To the editor:
I have been sitting, crying and thinking for the past few days about the state of our nation and our world. I truly think people don’t get what it’s like to live in fear every day.
When I wake up in the morning and get ready to go out and about my day, there is always a lingering thought in the back of my head: Is this the day I don’t make it back home? I wake up knowing that I have to make myself less threatening for fear that someone will take my expressionless face or in-thought face as being hostile.
I know going into a store that I get clocked by security almost immediately upon entering. I ignore the fact that the same employee has been hovering behind me throughout my entire time in the store. I’m highly aware as people pull their purses or bags or even their kids a little closer when I walk by.
The few times I’ve been pulled over, it’s taken everything in me to not start crying or thinking that I am going to die because my taillight is out. Even when out with my friends, I’m hyper-aware that my life could end because of the color of my skin.
I’m lucky that I am somewhat protected by white privilege because I have white parents. I know when I walk into their house at the end of the day, I can let my guard down and breathe a little easier because I know them and their privilege protects me.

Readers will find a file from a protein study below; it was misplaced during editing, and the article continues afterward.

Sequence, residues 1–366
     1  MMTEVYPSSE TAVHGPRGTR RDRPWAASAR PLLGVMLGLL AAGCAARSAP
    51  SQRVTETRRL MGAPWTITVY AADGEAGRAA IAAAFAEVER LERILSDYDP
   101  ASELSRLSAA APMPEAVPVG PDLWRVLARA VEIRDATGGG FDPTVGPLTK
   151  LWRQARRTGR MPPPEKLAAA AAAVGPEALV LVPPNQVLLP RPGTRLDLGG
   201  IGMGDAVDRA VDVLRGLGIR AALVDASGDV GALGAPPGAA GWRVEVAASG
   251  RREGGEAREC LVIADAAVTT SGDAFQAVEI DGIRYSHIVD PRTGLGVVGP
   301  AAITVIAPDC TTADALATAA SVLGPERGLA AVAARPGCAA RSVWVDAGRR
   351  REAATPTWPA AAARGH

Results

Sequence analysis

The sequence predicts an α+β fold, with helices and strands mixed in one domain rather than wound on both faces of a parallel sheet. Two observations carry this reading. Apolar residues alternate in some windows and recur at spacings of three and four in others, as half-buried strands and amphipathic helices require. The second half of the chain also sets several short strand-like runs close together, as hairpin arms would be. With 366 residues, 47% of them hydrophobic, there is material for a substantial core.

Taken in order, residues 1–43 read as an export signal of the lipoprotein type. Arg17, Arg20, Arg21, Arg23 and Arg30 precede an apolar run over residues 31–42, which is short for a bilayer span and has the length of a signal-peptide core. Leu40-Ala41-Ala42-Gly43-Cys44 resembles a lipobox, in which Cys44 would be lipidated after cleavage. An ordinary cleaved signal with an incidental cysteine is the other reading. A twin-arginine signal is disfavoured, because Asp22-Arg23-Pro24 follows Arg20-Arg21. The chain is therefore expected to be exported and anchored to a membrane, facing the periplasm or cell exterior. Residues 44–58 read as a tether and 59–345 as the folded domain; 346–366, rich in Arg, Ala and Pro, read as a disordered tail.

But I’m also terrified to move out because once I’m on my own how do I know I’m not gonna be the next Breonna Taylor, shot and killed in her own home?
I don’t want to live like this anymore. I don’t want to know that when I leave my house, my parents are worried that it’s the last time they could see me.
I don’t want to see Black people’s deaths being filmed and posted everywhere because it seems to be the only way we are believed when we say we are being killed.
I want human rights to matter more than looted stores and broken windows.
I want my life and the lives of my fellow black sisters and brothers to matter.
We need to do and be better — all of us